Striegl still hurting after PXC loss
It’s been almost a week since Filipino-American fighter Mark “Mugen” Striegl lost the PXC (Pacific Xtreme Combat) featherweight world championship to Korean Kim Yang-jong, but up to now, he’s still hurting.
“Being my first professional loss, it was hard to stomach. It still definitely hurts,” Mark admitted after the Inquirer got to him four days after the bout.
Losing had not been an option for the 25-year-old fighter from Baguio who was undefeated until last Saturday, winning 10 of his 12 fights by submission and finishing off all his opponents only in the first round.
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Striegl conceded that Kim had “a really good game plan going into the fight.”
“He attacked my arm. He didn’t give me a chance to settle after the takedown. He dictated the pace and tempo with that Kimura lock, so I was always defending. The attack on my arm took a lot of stamina out of me. He’s a big, strong guy, a giant at featherweight.”
“And that scissors lock on my neck at the end of the first round, that definitely drained my cardio as well,” Striegl said.
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A scribe had asked Striegl during the pre-event press conference if he was superstitious.
He responded with a dimpled smile, as if to say “No, I don’t believe in superstition. That’s all nonsense!”
With an unblemished record, Striegl was fighting his 13th match against Kim, who carries the fearsome moniker, “The Beast.”
Before Saturday, there had been talk that Mark, the best pound-for-pound fighter in the country today, would be in the undercard of a UFC (Ultimate Fighting Championship) competition set here in Manila in 2014.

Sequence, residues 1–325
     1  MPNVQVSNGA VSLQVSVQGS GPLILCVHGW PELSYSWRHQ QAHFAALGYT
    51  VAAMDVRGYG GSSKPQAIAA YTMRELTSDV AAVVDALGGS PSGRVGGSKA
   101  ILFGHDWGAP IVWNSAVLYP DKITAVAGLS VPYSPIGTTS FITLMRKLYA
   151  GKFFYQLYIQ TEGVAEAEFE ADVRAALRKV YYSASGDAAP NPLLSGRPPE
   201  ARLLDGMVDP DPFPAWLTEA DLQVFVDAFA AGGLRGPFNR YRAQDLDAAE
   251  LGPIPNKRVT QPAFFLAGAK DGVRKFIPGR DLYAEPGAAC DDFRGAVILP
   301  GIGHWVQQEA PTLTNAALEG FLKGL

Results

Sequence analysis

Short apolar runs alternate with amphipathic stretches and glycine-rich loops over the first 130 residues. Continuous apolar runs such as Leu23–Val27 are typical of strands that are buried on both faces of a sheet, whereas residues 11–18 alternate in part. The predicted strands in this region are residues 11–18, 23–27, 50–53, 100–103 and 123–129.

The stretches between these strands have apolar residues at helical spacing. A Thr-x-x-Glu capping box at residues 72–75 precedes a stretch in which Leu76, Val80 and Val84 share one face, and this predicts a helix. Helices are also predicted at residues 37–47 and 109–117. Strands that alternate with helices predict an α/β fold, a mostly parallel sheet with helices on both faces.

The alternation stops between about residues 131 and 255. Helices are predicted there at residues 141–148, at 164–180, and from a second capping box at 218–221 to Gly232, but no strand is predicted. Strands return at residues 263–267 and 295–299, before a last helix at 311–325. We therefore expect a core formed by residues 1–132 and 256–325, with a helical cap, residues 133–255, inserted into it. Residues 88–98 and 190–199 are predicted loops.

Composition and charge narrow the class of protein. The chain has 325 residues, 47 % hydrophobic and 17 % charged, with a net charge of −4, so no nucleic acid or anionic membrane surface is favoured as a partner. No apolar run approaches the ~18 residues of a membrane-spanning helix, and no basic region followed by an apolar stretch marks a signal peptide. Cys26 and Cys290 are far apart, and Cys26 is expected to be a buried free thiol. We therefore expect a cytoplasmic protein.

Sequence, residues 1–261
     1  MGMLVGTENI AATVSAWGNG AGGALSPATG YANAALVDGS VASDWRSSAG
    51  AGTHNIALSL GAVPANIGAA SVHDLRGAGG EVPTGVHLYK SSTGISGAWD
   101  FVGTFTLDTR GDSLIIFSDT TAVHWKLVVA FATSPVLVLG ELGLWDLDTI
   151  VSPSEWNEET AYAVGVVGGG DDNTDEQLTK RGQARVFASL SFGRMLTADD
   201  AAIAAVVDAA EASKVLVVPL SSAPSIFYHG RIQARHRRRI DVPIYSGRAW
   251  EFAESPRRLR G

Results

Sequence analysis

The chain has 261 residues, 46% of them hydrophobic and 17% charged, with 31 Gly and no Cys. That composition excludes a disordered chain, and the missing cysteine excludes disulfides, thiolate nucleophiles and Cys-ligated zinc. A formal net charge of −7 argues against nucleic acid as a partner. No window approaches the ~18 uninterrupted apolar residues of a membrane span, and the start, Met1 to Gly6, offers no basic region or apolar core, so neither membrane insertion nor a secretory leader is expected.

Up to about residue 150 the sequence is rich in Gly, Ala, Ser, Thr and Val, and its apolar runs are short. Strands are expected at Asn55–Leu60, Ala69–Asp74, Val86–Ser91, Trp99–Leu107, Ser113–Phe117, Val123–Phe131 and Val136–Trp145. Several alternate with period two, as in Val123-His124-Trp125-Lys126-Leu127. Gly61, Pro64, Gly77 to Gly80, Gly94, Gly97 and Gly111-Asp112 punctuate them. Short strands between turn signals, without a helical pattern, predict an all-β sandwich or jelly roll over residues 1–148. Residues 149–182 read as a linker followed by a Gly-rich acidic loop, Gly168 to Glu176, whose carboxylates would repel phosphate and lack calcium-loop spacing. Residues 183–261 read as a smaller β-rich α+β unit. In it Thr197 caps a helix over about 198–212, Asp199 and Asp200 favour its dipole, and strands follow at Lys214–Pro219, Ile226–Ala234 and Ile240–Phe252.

Striegl said he can’t wait to get back to the cage, after evaluating last Saturday’s performance.
“I’ve pinpointed my mistakes and will work on them. I’m so excited, so hungry to get back in the cage and I’d like a rematch with Kim in the future.”
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Did the number 13 have anything to do with last Saturday’s loss? The same scribe who asked Striegl if he was superstitious and who followed him to the dugout after the match said the fighter appeared to be stunned. It took a while before anybody could talk to him. It was obvious that he did not expect to lose that night.
“His matchmaker told him that nobody stays undefeated in this sport, but that didn’t make him feel any better. Now he understands why many buildings, especially in China, do not have a 13th floor,” the scribe said.
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HOOPVINE: As of yesterday, a total of 150 amateur cagers from various colleges and universities have joined the first PBA D-League rookie draft scheduled today at the PBA office in Libis, Quezon City. Although the draft sequence follows the same format as that of the PBA (lowest-ranked team has first pick), the actual drafting will be simple and not a dress-up affair. “The draftees need not even attend, but if anyone wants to come, he is welcome,” said PBA media bureau chief Willie Marcial
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